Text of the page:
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What’s at Stake: Data on Organic Farming

December 11, 2012


Due to Congressional inaction, the 2008 Farm Bill has expired without a new bill or extension to take its place.  In the absence of a farm bill, numerous innovative programs that invest in sustainable agriculture systems are shut down and left without mandatory funding.  This is the last post in our 10-week “What’s at Stake?” series that highlights expired farm bill programs and what that means for farmers and communities throughout the country.


The biweekly organic market prices and the periodic census of organic agriculture help Jared with his cropping and marketing plans.
Penny Piurkowski, organic inspector and Jared Fleming, organic crop producer, Westby WI. Credit: MOSES

Since its founding over 150 years ago, USDA has been charged with collecting, retaining, and publishing a wealth of information on the state and health of our nation’s agricultural sector.  For example, the Census of Agriculture, which is a complete count of every farm and ranch in the country conducted every five years, provides the only source of uniform, comprehensive, and consistently collected agricultural data for every county in the entire nation, dating back to 1840.

USDA has historically collected information and published market forecasts on nearly every agricultural sector from livestock to dairy to grain, but up until recently, did not collect any similar data on the organic sector.  The growing number of organic farmers who have started successful farm enterprises over the past several decades have had no reliable source of national data to use in making key business and marketing decisions.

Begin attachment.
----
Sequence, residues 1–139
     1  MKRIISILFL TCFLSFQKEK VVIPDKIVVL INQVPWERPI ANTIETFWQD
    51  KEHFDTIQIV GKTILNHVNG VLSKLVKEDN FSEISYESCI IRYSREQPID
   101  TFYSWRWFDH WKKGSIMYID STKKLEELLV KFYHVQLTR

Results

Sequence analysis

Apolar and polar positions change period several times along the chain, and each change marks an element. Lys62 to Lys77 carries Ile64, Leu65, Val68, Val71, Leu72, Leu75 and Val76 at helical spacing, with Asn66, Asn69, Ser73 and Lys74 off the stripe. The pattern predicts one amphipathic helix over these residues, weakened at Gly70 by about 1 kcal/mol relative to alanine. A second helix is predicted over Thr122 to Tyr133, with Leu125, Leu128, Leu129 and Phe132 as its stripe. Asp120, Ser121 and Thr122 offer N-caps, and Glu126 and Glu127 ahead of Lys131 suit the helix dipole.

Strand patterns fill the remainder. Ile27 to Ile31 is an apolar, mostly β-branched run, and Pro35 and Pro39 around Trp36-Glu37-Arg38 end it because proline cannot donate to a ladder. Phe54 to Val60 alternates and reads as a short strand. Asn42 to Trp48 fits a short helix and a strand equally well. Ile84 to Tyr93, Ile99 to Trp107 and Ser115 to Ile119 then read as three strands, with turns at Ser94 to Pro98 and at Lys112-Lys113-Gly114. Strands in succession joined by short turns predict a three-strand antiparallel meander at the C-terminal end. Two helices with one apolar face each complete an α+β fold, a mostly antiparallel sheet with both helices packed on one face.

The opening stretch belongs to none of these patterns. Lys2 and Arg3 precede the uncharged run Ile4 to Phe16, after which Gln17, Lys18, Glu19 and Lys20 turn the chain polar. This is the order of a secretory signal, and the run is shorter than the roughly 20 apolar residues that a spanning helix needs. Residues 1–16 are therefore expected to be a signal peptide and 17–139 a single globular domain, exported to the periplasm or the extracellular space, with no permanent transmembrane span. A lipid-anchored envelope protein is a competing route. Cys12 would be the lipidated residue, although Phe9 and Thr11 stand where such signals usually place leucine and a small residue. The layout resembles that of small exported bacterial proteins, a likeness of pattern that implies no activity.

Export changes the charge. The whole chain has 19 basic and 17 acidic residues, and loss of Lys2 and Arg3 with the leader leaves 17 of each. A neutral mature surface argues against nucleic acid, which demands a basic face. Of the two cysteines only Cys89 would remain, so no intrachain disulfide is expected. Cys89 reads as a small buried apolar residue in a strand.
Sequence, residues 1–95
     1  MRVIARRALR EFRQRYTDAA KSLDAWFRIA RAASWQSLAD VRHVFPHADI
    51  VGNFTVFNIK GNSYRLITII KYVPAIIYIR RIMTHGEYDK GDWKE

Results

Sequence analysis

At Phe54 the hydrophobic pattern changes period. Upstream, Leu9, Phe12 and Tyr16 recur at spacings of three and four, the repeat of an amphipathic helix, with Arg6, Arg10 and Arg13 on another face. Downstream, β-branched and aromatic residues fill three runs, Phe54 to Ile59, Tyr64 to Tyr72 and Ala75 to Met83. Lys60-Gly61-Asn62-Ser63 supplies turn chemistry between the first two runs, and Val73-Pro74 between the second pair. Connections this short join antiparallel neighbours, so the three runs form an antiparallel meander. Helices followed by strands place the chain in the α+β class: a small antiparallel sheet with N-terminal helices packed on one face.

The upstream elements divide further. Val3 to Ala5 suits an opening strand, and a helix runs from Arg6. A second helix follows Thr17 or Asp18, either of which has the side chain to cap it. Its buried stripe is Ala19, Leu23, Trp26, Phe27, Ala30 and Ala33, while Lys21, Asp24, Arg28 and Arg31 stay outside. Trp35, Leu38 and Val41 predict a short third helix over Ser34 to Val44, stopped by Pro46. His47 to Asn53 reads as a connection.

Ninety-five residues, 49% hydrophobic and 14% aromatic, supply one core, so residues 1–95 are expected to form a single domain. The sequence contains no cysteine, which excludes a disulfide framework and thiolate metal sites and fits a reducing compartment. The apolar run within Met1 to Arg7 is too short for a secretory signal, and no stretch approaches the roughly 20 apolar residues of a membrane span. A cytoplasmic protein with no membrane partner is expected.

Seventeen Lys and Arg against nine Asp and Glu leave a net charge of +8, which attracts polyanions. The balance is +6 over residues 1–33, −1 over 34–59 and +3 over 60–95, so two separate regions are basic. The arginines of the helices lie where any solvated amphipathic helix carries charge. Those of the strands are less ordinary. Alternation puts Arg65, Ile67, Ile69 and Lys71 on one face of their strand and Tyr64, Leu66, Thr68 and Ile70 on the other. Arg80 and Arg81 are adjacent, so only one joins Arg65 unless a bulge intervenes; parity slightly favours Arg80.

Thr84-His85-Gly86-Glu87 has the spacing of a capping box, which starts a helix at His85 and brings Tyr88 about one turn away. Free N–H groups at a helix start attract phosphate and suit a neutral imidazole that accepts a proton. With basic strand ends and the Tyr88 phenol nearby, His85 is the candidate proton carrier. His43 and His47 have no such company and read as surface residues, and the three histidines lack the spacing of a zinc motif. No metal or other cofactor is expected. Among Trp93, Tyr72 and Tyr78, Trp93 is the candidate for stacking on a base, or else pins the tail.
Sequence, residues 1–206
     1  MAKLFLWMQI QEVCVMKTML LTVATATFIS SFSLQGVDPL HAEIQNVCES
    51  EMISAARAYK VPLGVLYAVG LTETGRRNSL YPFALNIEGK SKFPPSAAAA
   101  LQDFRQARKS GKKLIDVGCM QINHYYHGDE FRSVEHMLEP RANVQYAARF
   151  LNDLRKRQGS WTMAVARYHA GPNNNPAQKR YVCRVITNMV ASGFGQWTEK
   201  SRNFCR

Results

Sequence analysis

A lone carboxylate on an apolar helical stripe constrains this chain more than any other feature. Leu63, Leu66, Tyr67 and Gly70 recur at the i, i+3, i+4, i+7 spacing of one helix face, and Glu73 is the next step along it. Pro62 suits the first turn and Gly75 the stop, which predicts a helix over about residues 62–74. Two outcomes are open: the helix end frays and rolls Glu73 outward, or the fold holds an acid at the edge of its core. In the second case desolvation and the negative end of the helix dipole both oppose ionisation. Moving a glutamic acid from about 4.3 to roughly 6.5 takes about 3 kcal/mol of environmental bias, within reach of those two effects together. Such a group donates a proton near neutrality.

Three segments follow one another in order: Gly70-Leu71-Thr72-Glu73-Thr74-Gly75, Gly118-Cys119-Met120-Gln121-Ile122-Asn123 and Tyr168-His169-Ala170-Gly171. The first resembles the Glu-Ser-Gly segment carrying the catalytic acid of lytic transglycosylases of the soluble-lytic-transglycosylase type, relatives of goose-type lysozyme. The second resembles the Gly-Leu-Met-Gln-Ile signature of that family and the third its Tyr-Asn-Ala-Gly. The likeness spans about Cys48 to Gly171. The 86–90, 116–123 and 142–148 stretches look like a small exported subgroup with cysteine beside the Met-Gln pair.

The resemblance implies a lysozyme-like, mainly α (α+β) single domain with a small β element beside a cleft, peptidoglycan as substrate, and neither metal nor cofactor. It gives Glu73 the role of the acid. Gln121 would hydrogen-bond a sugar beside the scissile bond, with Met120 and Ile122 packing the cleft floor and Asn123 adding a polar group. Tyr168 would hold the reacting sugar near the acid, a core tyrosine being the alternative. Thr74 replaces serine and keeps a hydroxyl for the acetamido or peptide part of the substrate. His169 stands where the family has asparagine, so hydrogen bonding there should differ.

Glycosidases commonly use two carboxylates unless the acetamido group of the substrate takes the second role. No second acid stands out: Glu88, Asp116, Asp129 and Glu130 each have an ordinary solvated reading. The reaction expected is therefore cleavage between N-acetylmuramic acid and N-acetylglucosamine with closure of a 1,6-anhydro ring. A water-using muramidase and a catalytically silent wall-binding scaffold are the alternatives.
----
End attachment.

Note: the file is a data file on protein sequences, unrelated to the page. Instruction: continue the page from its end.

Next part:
The near-absence of data on organic has also limited and slowed the growth in organic.  Until recently, there were so few data and statistics on organic farming available that certified and transitioning farmers faced barriers when applying for a loan, accessing credit, or having land appraised.  Consistent data on organic yields, prices, and markets were almost nonexistent. 

Thanks to the Organic Production and Market Data Initiatives (ODI) – which Congress first authorized in the 2002 Farm Bill and then funded in the 2008 Farm Bill – USDA has taken some important first steps to integrate the organic sector into its data collection efforts and market forecasts.

The Midwest Organic and Sustainable Education Service (MOSES), based in Spring Valley, WI, is one organization that constantly uses the data collected and published through ODI.

“At a state-level, the data on organic production are very useful in helping us identify what sectors are strong, and where there is room for growth,” says Harriet Behar, an Organic Specialist with MOSES.  “In Wisconsin, for example, we have a lot of organic dairy farmers.  The USDA’s 2008 Organic Production Survey showed us how this sector has grown in our region, what those farms look like, and where they’re located.”

Behar stresses how critical these data are to not only to identify potential opportunities for organic and transitioning farmers, but also to help identify infrastructure needs to support growing organic sectors.  “For organic dairy farmers, it’s crucial to have infrastructure in place, like organic feed mills and organic processors,” explains Behar.  Behar says the growth of the organic sector presents huge opportunities for businesses and other elements of supply chains.  These opportunities would not be as apparent without consistent, uniform data on these sectors, and projections for their future growth and overall economic health.

How ODI Collects Data on Organic Farming

ODI starts to fill the gap in organic data by funding basic data collection activities on organic agriculture.  USDA’s National Agricultural Statistics Service (NASS), Economic Research Service (ERS), and Agricultural Marketing Service (AMS) participate in ODI to provide much-needed organic sector statistics, economic reports, and prices.  This information gives policymakers, organic farmers, and organic businesses data needed to make sound policy, business, and marketing decisions.